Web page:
Vice President Bhairon Singh Shekhawat, who is the Chairman of the Rajya Sabha, may be bracing up to handle a stormy parliamentary session back at home from November 22.
But, here he found a sitting of the House of Representatives—the elected Lower House of the bicameral Parliament of Trinidad and Tobago—a much tame affair and any presiding officer's envy.
Shekhawat saw the conduct of the question and answer session during which Opposition MPs quizzed the government on a controversial airship deal, cost overruns with regard to a stadium named after cricketer Brian Lara, and even an adjournment motion on a gas leak tragedy.
In sharp contrast to pandemoniums he has weathered in the Upper House in New Delhi, Shekhawat found the MPs following the rule book—waiting to speak and be heard.
Earlier, at a luncheon hosted in his honour, the Vice President invited a parliamentary delegation from Trinidad and Tobago to visit India, saying "parliamentary institutions of two countries cope up with challenges posed by diversity of ideologies, languages and ethnic groups."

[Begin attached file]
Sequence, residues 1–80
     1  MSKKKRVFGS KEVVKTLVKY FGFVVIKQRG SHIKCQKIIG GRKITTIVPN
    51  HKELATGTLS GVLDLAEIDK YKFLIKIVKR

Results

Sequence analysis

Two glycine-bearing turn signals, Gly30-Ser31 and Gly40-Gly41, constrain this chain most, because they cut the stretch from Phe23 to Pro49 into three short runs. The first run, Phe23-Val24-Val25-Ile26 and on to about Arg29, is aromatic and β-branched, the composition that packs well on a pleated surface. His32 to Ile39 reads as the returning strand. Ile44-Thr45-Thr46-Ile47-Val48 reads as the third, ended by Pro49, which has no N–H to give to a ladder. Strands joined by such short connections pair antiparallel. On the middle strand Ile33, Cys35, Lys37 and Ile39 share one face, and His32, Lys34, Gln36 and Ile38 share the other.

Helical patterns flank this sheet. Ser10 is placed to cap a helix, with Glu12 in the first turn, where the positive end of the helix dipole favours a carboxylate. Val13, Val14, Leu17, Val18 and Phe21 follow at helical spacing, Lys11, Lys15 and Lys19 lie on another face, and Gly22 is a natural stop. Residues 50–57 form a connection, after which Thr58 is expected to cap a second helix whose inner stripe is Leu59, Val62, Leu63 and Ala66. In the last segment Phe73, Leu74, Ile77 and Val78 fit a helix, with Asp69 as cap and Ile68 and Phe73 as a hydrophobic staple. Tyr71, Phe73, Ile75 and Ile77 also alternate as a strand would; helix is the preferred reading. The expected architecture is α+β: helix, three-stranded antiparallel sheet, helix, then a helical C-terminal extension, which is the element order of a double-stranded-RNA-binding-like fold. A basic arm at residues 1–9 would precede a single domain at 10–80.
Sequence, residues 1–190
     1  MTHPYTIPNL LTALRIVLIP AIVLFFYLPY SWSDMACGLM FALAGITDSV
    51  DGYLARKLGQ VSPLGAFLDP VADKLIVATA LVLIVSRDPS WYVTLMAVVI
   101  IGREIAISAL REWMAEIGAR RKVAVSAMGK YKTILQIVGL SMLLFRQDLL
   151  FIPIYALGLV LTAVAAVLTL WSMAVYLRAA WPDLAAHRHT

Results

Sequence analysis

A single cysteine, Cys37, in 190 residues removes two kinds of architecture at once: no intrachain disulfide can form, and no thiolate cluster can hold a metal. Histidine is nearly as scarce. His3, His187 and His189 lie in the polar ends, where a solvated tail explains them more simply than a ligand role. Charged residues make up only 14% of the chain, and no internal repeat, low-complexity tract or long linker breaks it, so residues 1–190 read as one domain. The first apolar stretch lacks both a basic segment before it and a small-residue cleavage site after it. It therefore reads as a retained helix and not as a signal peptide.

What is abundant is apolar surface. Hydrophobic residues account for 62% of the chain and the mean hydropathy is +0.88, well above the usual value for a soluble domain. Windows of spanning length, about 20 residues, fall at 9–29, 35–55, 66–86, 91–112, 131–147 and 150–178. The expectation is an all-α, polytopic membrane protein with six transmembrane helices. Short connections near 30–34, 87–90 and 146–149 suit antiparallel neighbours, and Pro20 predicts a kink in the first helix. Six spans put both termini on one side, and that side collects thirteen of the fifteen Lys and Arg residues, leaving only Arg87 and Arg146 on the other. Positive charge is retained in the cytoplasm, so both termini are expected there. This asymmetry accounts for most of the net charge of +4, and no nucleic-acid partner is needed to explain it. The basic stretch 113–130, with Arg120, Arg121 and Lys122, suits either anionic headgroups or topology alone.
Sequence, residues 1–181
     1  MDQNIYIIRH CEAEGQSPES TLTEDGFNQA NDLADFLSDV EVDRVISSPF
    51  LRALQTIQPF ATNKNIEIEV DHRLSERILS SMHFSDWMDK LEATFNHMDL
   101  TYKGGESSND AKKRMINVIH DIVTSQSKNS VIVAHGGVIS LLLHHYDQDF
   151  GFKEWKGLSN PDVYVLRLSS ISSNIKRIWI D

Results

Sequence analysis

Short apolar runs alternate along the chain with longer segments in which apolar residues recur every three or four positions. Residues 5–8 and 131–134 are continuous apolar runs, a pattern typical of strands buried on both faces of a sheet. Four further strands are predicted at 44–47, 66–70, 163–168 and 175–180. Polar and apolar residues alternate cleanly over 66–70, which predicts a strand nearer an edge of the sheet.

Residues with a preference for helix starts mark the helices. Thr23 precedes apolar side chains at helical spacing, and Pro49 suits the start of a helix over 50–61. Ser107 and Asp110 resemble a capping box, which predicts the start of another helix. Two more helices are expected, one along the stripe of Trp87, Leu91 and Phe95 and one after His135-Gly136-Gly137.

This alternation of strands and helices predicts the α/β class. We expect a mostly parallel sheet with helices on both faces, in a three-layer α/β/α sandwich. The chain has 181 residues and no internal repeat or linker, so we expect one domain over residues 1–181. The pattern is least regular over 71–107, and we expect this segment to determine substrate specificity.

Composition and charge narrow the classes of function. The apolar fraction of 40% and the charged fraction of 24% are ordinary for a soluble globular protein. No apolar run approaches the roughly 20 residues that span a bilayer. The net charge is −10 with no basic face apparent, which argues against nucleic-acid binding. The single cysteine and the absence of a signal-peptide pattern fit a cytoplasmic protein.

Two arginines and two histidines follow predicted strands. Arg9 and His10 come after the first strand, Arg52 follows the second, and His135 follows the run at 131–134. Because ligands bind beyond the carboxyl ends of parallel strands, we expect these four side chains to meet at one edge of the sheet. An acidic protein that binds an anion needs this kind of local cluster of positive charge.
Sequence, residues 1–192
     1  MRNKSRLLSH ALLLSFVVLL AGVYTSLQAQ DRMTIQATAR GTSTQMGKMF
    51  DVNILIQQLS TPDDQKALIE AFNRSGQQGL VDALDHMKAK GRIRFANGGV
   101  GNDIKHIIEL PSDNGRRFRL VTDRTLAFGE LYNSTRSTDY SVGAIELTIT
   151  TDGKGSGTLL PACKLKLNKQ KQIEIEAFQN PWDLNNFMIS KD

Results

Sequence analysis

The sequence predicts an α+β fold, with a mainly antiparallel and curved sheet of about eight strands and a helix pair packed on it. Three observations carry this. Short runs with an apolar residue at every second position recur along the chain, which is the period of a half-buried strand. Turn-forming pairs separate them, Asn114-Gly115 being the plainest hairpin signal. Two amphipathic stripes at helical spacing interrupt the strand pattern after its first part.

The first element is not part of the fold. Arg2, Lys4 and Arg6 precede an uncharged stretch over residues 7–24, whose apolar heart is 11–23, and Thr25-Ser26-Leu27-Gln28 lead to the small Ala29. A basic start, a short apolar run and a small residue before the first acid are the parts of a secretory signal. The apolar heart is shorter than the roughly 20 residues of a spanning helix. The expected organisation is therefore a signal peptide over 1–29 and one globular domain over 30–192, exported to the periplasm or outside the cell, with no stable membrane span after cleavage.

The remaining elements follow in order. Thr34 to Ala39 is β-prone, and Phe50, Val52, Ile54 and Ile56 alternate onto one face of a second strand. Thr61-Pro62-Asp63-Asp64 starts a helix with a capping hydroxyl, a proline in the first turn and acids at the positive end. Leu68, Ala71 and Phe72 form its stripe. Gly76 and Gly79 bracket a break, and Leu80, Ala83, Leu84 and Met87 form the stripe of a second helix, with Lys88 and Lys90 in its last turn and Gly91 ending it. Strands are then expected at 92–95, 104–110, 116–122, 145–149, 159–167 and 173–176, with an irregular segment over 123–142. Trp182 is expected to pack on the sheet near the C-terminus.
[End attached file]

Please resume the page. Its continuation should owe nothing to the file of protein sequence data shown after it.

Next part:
Party politics in this country have generally run along ethnic lines, with most Afro-Trinidadians supporting the People's National Movement (PNM) and most Indo-Trinidadians supporting various Indian-majority parties, such as the United National Congress (UNC) or its predecessors. Most political parties, however, have sought to broaden their purview.
In the recent months a new political presence has emerged called Congress of The People (COP). The majority of this membership was formed from defunked UNC members and UNC members that has decided to leave the UNC to form the new COP party.
One of the country's most controversial politicians, Basdeo Panday, is now firmly out of Parliament, 30 years after holding a seat in the legislature. Panday's seat became vacant last month, 150 days after he was convicted of failing to declare a London bank account to the Integrity Commission, as required by law.
The House of Representatives sits in the Red House in Port of Spain. It has 36 members, each elected to represent single-seat constituencies. The Parliament is elected with a five-year life-span, but may be dissolved earlier by the President at any time if so advised by the Prime Minister.
After an election, the person with the most support among the members of the House is appointed Prime Minister and asked to form a government. With the exception of 1995 and 2001 this has been the leader of the party which wins a majority of seats in the house.